When It Makes Sense to Use the Section 179 Tax Deduction, and When It Doesn’t

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If you’re on the fence about whether your business can afford a new piece of equipment, the IRS just might be your savior (did you ever imagine yourself thinking that?). Under the Section 179 tax deduction, business owners get a large, upfront tax break when they buy new assets. What qualifies for Section 179 depreciation and is it the right move for your small business? Here’s what you need to know.

What Qualifies for Section 179 Depreciation?

When you buy a new asset for your business, like machinery, furniture or vehicles, you normally aren’t allowed to deduct the entire purchase all at once. Instead, you’re supposed to split the cost over the expected lifespan of the asset, known as its depreciation schedule. For example, the IRS expects a computer to last five years so you can only deduct 20 percent of the purchase price each year (1/5 per year).

But with the 179 depreciation deduction, you can deduct the entire purchase price in the first year, according to the IRS. This applies to equipment, tools, cars, machines, and technology purchased for your business. If you finance the equipment with a loan, you still get the deduction for the full purchase price and can also deduct the borrowing costs.

The new 2018 tax changes expanded the size of this break so now your small business could deduct up to $1 million of purchases per year.

Two construction workers stand in front of a crane with sunset background

Should I Take the Section 179 Deduction?

If you plan on buying something that is eligible for the 179 deduction, it usually makes sense to just take it. You get the largest possible deduction today rather than spreading it out over years. This way you free up as much extra cash as you can now to reinvest in your business.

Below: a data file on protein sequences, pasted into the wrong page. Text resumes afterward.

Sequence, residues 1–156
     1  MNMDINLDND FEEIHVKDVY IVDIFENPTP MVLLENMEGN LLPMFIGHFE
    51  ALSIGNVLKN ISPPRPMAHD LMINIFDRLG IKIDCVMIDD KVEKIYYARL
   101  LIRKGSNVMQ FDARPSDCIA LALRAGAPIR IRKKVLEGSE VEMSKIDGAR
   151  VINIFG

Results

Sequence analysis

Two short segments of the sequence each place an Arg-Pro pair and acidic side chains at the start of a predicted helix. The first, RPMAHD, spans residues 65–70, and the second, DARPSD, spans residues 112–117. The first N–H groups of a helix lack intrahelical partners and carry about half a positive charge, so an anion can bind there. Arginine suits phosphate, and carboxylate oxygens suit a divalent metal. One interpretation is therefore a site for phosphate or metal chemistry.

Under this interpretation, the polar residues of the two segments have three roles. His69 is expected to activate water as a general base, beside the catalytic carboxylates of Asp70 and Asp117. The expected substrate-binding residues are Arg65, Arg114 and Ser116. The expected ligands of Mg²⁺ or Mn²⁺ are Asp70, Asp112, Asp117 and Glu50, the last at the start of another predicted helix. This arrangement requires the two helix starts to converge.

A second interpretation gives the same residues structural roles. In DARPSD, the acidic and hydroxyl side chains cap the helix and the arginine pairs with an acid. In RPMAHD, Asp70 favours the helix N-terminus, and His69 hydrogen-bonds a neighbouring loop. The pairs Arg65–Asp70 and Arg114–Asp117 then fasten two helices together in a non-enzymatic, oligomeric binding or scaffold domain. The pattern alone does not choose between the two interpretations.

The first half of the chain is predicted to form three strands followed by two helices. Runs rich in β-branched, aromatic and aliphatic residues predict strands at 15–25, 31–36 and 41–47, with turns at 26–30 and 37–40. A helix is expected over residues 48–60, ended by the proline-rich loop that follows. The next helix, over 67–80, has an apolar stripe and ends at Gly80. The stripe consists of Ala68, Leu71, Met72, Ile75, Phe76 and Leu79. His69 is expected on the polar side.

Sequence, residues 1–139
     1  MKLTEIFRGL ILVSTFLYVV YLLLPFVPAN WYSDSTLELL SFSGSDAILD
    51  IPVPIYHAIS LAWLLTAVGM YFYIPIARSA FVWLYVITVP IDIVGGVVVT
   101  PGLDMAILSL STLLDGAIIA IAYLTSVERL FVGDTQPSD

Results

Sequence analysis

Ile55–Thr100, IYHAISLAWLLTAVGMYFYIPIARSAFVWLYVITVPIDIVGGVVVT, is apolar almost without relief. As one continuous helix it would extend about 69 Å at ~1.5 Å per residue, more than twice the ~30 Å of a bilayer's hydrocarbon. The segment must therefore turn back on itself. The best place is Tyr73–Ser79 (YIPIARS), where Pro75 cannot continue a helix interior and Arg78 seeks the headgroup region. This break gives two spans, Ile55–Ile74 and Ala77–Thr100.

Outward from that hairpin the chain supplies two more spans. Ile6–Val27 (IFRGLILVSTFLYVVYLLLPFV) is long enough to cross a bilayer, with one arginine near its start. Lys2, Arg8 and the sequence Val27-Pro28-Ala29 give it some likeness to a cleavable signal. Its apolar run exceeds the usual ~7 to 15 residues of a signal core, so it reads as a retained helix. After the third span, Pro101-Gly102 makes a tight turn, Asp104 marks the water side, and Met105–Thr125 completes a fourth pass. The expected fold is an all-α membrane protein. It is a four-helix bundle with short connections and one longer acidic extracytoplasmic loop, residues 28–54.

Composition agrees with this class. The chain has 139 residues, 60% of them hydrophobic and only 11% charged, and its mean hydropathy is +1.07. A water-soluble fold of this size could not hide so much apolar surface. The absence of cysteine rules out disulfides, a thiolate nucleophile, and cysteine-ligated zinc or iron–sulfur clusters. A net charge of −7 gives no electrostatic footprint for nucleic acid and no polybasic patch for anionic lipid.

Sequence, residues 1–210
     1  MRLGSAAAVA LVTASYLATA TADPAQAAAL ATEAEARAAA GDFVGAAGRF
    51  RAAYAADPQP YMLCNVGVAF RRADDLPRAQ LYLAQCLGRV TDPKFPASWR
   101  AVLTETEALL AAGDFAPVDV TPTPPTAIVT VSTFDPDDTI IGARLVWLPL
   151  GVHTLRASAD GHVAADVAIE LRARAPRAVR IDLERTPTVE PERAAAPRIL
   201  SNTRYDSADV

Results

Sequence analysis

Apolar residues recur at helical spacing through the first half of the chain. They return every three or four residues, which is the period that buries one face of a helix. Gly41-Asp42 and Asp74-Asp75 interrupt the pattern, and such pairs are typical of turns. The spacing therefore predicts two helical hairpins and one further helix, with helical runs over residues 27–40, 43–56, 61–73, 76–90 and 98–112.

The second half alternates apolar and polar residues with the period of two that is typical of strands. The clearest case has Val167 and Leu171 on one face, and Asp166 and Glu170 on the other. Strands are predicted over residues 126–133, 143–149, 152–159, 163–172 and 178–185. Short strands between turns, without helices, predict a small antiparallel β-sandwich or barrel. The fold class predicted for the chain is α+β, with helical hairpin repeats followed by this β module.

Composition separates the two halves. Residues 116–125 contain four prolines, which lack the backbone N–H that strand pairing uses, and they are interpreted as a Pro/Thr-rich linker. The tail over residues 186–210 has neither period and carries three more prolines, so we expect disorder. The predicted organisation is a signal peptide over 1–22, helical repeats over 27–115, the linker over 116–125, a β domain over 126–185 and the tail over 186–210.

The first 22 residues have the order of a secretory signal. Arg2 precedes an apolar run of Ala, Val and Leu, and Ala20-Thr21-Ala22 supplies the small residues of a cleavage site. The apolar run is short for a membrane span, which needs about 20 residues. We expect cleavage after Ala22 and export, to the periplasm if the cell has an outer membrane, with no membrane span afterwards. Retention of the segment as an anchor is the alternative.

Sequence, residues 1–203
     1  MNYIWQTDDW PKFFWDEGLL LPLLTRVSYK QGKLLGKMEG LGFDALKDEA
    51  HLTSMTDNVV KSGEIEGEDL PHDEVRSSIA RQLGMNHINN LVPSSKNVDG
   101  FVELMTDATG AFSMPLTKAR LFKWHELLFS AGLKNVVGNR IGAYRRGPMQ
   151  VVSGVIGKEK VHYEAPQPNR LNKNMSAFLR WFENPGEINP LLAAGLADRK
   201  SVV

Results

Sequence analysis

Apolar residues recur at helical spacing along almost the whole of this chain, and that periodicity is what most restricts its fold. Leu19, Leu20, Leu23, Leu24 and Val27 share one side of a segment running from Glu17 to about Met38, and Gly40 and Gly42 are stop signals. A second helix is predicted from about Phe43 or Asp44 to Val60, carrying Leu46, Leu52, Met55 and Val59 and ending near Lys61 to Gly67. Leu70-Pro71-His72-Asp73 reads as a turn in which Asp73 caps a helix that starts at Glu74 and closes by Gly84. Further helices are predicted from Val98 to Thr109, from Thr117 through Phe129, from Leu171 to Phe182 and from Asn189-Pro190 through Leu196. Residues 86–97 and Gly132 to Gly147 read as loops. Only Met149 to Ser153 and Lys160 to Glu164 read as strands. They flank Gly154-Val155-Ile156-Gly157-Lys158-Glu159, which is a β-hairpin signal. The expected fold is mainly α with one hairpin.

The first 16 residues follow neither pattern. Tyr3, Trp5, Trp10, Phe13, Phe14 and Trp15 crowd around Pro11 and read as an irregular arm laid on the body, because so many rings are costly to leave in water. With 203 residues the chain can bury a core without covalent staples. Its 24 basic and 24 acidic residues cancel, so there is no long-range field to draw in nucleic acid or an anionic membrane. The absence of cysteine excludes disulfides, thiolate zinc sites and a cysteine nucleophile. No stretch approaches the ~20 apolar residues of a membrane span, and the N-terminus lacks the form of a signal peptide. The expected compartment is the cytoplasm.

For example, let’s say your business tax rate is 35 percent and you buy $200,000 of equipment. By using 179 depreciation, you can deduct the entire purchase this year and save $70,000 in taxes ($200,000 x 35 percent). Without the 179 deduction, you would need to spread the tax break over at least five years (depending on what you bought), meaning you would only save at most $14,000 in taxes this year.

Using the 179 deduction also makes planning your taxes easier because you won’t have to keep track of an asset’s depreciation schedule year after year. Instead, you can write-off the entire purchase at once, which simplifies your record keeping. In most cases, the answer to “Should I take the Section 179 deduction?” is yes.

When Shouldn’t I Use the Deduction?

If your current business tax rate is low and you expect to owe more in the future, you may want to skip taking the 179 deduction and instead use the regular depreciation schedule, when you spread the deduction over years. That way you can delay the deduction for buying the equipment later when it will save you more in taxes.

Also, this deduction starts to phase out when you buy $2,500,000 of assets in a year and is completely gone after you buy $3,500,000. The government set this limit so the 179 deduction would only be available for small businesses.

How Should This Impact My Decision to Borrow Money?

Keep the 179 deduction in mind as you crunch the numbers behind financing a new equipment purchase. Your tax savings from the 179 deduction could put a serious dent and perhaps cancel out the first-year borrowing costs of a new equipment loan.

Remember, the cost of not expanding your business can be the most expensive move at all: the cost of doing nothing. By taking advantage of all available tax breaks, like the 179 deduction, you can expand as quickly as possible. If you work with a lender experienced with this deduction, they can make sure you qualify for your full tax break as you set up your equipment financing.

The government created the 179 deduction to make it easier for businesses to expand and grow. So why not take advantage? Your business will get new equipment and your upcoming tax return gets a sizable break. Hard to beat that combo.

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